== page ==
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Local company gives shipping containers a new lease on life

Posted by Meghan Walker on January 29th, 2013

By SARAH DEVLEMING, UW News Lab

Kai Schwarz and Anne Corning are business partners and co-founders of ShelterKraft Werks, a unique Ballard business venture that manufactures homes, food-storage units, retail pop-up stores and more from reclaimed shipping containers.

The company takes shipping containers that no longer meet the proper qualifications to be used on a ship—this usually happens after about 10 years, when the container has been banged around one too many times—and refurbishes them into something practical and livable. Some companies, such as Hamburg Süd, keep the containers for nearly half that time.

“We only keep them for five years,” a representative for Hamburg Süd said. “(The way)they stack them, the rivets get worn out.”

Corning said that for their purposes, “We pick the best ones that are still in good enough condition to be used for housing … and then we build the units all right here in Seattle.”

According to Schwarz, the original container company does the majority of the metal fabrication and painting. From there, the container is brought to ShelterKraft Werk’s yard in Ballard where it gets retrofitted for its new purpose.

If a container is destined to become housing, “that’s [when] we put in all the framing,insulation, the wiring, the plumbing,” Schwarz said. These items all go into the walls of the container.

“It’s not just that you’re saving [money]. You’re re-using the steel container, we’re using a lot of green building materials, and recyclable materials … in the construction of the units,” Corning said. “As (an) ongoing living situation it can be very eco-friendly, very affordable.”

The company offers four stock home models, in addition to custom storage containers and backyard workshops. The containers come in two lengths, 20 foot and 40 foot. Although every container is 8 feet wide, the containers can be linked together in a number of ways.

ShelterKraft Werks offers many different ways to customize the compact homes,including solar panels, decks, carports and other design modifications.

The stock homes range from having just a sleeping nook to a full master suite, and start at $35,000 for something called a “CargoCottage,” which is their base model with one bedroom. The biggest container home is $68,000 and is a two-bedroom “CargoHaus” with a master-suite. Here’s the full rundown of residential home options.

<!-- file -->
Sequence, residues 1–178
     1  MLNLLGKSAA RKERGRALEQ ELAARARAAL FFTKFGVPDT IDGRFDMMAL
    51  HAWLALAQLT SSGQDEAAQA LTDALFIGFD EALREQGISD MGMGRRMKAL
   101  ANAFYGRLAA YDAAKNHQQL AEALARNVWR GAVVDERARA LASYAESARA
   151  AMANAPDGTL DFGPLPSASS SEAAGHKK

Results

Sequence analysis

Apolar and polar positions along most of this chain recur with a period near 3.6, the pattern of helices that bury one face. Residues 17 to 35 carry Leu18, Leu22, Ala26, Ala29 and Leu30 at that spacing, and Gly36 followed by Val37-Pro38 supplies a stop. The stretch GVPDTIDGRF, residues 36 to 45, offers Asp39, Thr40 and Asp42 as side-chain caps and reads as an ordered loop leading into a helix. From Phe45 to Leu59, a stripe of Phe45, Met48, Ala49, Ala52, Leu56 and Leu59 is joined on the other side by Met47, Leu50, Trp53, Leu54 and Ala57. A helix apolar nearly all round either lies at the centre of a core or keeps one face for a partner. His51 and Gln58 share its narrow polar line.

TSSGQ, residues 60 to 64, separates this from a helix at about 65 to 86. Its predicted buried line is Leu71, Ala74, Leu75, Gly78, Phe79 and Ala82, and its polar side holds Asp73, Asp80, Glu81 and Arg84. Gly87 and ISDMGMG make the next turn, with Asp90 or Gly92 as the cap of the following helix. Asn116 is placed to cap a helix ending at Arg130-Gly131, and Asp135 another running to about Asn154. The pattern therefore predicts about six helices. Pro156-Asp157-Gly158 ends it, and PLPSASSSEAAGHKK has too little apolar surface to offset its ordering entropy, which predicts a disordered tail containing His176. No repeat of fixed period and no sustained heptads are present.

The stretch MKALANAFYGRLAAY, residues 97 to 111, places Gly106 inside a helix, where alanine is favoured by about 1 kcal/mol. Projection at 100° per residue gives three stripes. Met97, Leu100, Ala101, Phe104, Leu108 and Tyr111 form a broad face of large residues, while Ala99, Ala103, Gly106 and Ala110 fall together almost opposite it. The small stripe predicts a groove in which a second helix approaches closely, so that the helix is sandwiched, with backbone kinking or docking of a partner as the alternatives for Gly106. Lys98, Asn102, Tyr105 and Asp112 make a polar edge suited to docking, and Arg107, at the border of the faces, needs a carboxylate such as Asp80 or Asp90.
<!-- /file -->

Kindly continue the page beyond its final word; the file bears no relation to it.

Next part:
ShelterKraft Werks was incorporated in January 2011. Since then, Schwarz and Corning have developed their business to include doing custom projects and working with local nonprofit companies, including Clean Greens, a business dedicated to growing and delivering healthy, fresh produce to low-income families.

Schwarz, who worked as an architect for Starbucks for three years, had a ninth-floor office that looked out toward the shipping docks in Seattle’s Sodo neighborhood.Countless shipping containers came and went in those yards.

“I kept starting to fantasize about if I snuck inside one of those Hamburg Süd containers,I would be 5 kilometers from my grandmother’s house in Hamburg in a couple of months,” Schwarz said. “But I’d need a bed, and a toilet and a TV.”

When Schwarz met Corning about three years ago, her keen business instincts complemented Schwarz’s vast architectural knowledge, and ShelterKraft Werks was born.

As for ShelterKraft Werk’s next venture, Schwarz and Corning hope to create a hygiene station that can be used by homeless and low-income individuals living out of their cars.The station would appeal to those with day jobs whose income covers gas, food and other supplies, but doesn’t leave enough for housing.

“They’re hardworking folks who deserve to take a shower before work,” Corning said.

(SARAH DEVLEMING is a student in the University of Washington Department of Communication News Laboratory.)

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